Warrantless Home Searches in Arizona: A Recap of the Recent Supreme Court Decision
If you have been arrested and charged with a crime in the state of Arizona, you need to know your rights in order to protect yourself in court. Being charged with a crime is a serious matter that warrants the immediate attention of an experienced criminal defense attorney; do not hesitate to act if you suspect that foul play occurred during your arrest.
One of the most well-known rights for all individuals who are charged with a crime has to do with search and seizure. Even though search and seizure is articulated in the Constitution through the Bill of Rights, it is subject to interpretation and can be changed as a result of cases in court. That is certainly the case with a recent interpretation about search warrants from the Arizona Supreme Court.
A Primer on Fourth Amendment Rights
Through the Constitution, you have a right to be protected from searches and seizures deemed to be unreasonable. This means that with relatively few exceptions, authorities are not permitted to search you or your home without a warrant. Exceptions relate to situations where there are exigent circumstances are present, such as police concern over potential immediate evidence destruction or when the police already have probable cause to arrest a fleeing suspect. Police may also exercise the right to conduct a protective sweep in order to complete an arrest legally or when they believe that someone inside a home requires immediate assistance.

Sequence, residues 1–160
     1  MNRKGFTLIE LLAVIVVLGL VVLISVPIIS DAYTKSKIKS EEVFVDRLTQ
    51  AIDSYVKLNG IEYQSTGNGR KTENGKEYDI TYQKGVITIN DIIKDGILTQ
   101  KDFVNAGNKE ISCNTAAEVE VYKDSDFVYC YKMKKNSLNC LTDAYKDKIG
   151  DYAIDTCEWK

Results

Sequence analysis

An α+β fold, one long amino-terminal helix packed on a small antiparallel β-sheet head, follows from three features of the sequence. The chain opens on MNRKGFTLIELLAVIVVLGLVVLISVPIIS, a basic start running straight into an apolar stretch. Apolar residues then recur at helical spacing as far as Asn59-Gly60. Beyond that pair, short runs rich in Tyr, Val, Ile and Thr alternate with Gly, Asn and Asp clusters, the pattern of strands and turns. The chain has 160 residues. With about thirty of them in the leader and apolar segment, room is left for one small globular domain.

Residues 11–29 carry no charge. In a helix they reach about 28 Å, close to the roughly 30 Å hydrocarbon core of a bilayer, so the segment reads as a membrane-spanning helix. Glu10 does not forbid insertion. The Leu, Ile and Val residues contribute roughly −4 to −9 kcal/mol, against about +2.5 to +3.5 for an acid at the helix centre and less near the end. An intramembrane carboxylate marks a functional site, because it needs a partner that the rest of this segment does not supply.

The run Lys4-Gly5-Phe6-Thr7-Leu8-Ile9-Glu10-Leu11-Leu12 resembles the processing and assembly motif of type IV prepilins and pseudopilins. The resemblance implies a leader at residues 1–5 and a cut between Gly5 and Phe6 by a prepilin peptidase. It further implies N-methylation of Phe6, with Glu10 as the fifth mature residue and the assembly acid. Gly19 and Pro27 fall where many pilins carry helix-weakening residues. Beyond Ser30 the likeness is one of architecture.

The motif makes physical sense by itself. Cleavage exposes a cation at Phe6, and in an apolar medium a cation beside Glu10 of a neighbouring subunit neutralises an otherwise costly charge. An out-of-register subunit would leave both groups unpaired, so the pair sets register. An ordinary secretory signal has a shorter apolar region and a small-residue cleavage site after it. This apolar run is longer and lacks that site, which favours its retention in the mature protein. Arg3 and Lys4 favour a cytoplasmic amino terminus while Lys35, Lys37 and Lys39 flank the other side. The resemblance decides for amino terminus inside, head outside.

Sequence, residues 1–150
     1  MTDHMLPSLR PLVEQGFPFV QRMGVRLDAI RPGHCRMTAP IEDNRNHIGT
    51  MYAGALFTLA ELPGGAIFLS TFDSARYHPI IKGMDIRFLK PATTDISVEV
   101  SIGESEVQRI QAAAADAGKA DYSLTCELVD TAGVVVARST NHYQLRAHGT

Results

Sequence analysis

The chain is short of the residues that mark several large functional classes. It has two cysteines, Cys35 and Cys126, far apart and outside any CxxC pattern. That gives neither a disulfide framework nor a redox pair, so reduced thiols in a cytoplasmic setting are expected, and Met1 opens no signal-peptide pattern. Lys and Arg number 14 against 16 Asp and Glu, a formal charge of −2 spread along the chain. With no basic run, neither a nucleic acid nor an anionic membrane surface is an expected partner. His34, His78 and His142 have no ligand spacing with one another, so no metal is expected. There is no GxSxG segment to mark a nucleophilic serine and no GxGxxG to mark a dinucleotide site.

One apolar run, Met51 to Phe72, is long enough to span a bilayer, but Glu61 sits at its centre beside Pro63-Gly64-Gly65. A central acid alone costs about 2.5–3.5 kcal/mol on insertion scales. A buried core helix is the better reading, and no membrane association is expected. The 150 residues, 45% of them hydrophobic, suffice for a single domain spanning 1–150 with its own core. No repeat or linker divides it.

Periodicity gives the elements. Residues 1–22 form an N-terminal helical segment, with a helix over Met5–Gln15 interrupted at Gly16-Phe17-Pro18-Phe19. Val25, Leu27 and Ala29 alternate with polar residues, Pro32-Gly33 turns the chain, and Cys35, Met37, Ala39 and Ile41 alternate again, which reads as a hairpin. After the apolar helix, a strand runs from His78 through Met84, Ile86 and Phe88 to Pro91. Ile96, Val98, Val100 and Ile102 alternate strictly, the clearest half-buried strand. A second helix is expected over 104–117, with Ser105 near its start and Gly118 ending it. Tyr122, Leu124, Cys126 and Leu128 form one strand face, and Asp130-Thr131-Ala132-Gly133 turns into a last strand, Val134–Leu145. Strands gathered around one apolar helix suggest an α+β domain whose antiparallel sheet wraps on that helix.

If you believe that your property has been searched illegally, you need to walk your Mesa criminal defense lawyer through the details of your arrest.
Supreme Court Limits Warrantless Searches
Although there are only a handful of situations where the police are authorized to conduct a search without a warrant, they can be subject to relatively broad interpretation. According to the Arizona Supreme Court, however, the circumstances do not give a large amount of leeway to authorities.
An example case involved police arriving on a property where neighbors had called an about individual’s “erratic behavior.” When the police arrived on scene, the individual admitted having several pounds of mercury inside the residence. Concerned paramedics, worried about contamination, contacted the Fire Department. Once the individual was taken to a hospital facility, the police officer and firefighter entered the property to collect more information about the situation.
Upon entering the home, the officer detected the smell of marijuana, leading him to the discovery of several such plants in the utility room. He then left the premises to obtain a search warrant. Although the trial court determined that exigent circumstances did exist, the Court of Appeals determined that the search was not justified.
What to Do If You Have Been Charged
If you believe that you were subject to an unreasonable search and seizure of evidence, you need to consult directly with an experienced criminal defense lawyer. This evidence could be inadmissible in court or call the charges into question entirely. It is critical that you discuss your defense with your attorney to learn more.
This blog should be used for informational purposes only. It does not create an attorney-client relationship with any reader and should not be construed as legal advice. If you need legal advice regarding Warrantless Home Searches, or any other criminal defense matters, please feel free to contact Criminal Defense Attorney, Michael Kielsky at 480.461.5309, log on to www.udallshumway.com, or contact an attorney in your area. Udall Shumway PLC is located in Mesa, Arizona and is a full service law firm. We assist Individuals, families, businesses, schools and municipalities in Mesa and the Phoenix/East Valley.